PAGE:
I remember staff member, Maya, telling me that the days abstinent turn into weeks and then months turn into years.

I am enjoying sobriety. I have more fun, am more active, play sport and regularly go to the beach. I engage, rather than just watch.

One thing before we finish up – I wanted to stress that I did not relapse because the program “didn’t work”. The knowledge and tools l learned really messed up my desire to keep drinking – and relapse has helped me.

I’m looking forward to a new career in AOD counselling and a move up the coast.

Hader Clinic Queensland was there for me the whole way and I cannot thank them enough for getting me back on the right path.

Life is good!

Quinn’s Ice Addiction Recovery

Quinn was a regular 40-year-old father and husband working in IT, but he had a secret. And once his wife discovered the truth, residential addiction treatment for his ice addiction would turn his life around.

My name’s Quinn. I am forty years old and I work in IT.  My particular poison was ice.

When I was sixteen or seventeen, I smoked weed recreationally.

Then it all really started with me and my mates coming across the drug, ice.  We started smoking ice and party drugs and went from there.

It all started off as a sociable thing really. Then it grew and stuck with me. Then, the group of mates I had started smoking it with fell away, and I gravitated towards other users who were also smoking ice.

It was around this time that I realised that my use of the drug was becoming a little less social.

I managed to get off it for a while when I was nineteen and then started up again during my 20s. Then I had another little break from it. I had seen a friend develop psychosis, and he ended up in a really bad way. I made a pact with him that we’d stop smoking ice to help us both recover.

Life bubbled along until I was exposed to ice again in my mid-thirties.  When that happened, addiction came at me like a freight train. I went hard and fast. Next minute, I was on it every day trying to manage this with a wife and two small kids.

Not to mention, I was paying a mortgage and being the primary carer for our kids while my wife worked.My wife had no idea what was going on. When she met me, she knew that I had dabbled in recreational drugs like coke when I was going out with the boys, but she had no idea about the ice.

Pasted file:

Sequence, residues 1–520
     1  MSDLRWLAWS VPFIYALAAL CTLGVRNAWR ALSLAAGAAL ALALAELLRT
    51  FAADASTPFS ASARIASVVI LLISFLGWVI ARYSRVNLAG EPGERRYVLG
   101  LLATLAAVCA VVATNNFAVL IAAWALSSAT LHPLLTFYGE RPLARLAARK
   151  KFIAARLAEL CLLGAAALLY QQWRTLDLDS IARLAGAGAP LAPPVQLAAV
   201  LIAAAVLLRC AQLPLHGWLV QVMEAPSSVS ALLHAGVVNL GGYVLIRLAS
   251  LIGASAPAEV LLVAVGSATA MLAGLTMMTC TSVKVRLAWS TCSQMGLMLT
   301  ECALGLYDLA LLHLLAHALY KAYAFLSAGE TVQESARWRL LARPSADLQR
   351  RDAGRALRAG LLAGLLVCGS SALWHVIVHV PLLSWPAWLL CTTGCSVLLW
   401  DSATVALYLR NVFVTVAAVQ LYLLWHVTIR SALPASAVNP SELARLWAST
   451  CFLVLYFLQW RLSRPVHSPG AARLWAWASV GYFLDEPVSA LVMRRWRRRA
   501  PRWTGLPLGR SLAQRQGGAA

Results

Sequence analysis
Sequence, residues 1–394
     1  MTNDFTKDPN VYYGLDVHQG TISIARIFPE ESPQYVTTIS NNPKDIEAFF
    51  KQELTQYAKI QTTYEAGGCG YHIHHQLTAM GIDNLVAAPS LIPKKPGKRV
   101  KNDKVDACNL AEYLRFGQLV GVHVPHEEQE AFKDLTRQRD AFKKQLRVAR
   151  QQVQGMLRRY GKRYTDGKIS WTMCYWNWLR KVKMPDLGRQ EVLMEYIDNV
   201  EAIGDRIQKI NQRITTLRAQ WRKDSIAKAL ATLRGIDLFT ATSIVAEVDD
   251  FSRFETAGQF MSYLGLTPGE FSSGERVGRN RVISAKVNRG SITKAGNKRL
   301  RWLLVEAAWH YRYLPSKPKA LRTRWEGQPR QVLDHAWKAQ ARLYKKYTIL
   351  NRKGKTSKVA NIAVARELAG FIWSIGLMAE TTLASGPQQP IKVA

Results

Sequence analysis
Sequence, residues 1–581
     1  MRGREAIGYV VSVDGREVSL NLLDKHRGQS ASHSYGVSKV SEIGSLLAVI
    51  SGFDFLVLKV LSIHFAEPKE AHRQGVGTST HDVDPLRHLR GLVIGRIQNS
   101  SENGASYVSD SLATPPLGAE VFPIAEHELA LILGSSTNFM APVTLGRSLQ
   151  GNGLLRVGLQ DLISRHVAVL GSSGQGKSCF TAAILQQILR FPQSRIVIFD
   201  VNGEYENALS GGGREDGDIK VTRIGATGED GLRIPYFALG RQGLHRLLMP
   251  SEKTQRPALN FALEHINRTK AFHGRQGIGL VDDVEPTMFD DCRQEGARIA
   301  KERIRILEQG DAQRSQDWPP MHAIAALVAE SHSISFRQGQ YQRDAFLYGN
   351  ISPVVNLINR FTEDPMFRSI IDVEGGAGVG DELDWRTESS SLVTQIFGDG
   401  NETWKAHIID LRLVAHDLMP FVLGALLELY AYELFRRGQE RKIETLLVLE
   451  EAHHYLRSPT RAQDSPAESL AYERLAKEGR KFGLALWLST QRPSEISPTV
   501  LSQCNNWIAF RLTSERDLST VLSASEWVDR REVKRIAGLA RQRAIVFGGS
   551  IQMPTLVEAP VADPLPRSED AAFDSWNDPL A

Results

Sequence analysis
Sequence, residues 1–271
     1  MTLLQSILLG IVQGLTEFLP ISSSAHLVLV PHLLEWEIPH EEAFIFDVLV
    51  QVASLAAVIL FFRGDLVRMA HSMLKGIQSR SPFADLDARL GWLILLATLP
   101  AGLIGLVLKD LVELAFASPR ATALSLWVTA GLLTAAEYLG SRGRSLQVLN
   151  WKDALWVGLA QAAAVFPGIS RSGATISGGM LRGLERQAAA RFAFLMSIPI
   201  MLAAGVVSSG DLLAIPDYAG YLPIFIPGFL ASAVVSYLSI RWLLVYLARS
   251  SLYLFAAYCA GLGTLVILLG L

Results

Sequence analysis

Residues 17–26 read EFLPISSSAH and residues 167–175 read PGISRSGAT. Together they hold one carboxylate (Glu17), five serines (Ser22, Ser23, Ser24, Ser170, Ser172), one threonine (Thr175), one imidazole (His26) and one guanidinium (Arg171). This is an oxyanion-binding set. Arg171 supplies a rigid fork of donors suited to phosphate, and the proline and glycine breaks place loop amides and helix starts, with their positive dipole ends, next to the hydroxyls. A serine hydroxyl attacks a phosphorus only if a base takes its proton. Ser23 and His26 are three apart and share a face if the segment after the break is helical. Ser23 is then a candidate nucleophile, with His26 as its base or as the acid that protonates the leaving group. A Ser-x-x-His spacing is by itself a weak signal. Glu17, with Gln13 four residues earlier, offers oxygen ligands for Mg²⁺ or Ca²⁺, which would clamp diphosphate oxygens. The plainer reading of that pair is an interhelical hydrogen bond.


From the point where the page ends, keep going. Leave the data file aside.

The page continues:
My wife was livid when she found out. She found out twice that I was smoking it before the final death knell. The first two times I’d been able to convince her that I had a plausible reason for smoking it.

The third time, she didn’t catch me per se, but she found $26,000 in cash withdrawals missing from our bank statement. That occurred less than twelve months into my using.

She confronted me, and of course I could not explain these cash withdrawals to her.

The addict in my brain was trying to think up a plausible excuse but I was frozen. I couldn’t come up with anything. I had been caught.

Before I was caught, every time I’d go out to score, I’d be having this internal struggle – “should I, or shouldn’t I?”.

I knew that it wasn’t right, but I also knew that I couldn’t stop. I knew that there was something wrong, because despite my rational thinking, I went out of my way to get drugs.

We decided that rehab was my only option.

Going to rehab was actually a relief. I enrolled in Hader Clinic Queensland’s thirty-day program. I detoxed for seven days prior to entering rehab. I organised to take a month of sick leave and told my employer about my addiction. In fact, I told as many people as I could.

I wasn’t certain of what the response would be, but my employer was supportive and granted me sick leave. It reinforced that being honest about your condition will set you free.

Rehab was a great experience. It was the first time in twenty years that I felt proper emotions. I felt guilt and shame. Throughout the last twenty years, I had never felt any guilt or shame about smoking ice. Every now and again I’d feel a little bit guilty but did not realise how deep in it I was.

My experience at rehab wasn’t what I thought it would be. I had thought that rehab meant being strapped down with toothpicks in my eyes and being admonished for using – “drugs are bad, you know”.

Instead, it was a spiritual awakening. Rehab isn’t for those who aren’t in the right frame of mind – you must be ready and willing to make the change.

The biggest things rehab taught me were learning to be tolerant and accepting of others and not to let my emotions lead me back to places where I wanted to use.

Additionally, I had to learn how to deal with my feelings. No longer could I use because I was feeling angry, frustrated, or sad.

For the first couple of weeks, when I would see my two daughters, I would cry. I now want to be the best Dad I can be.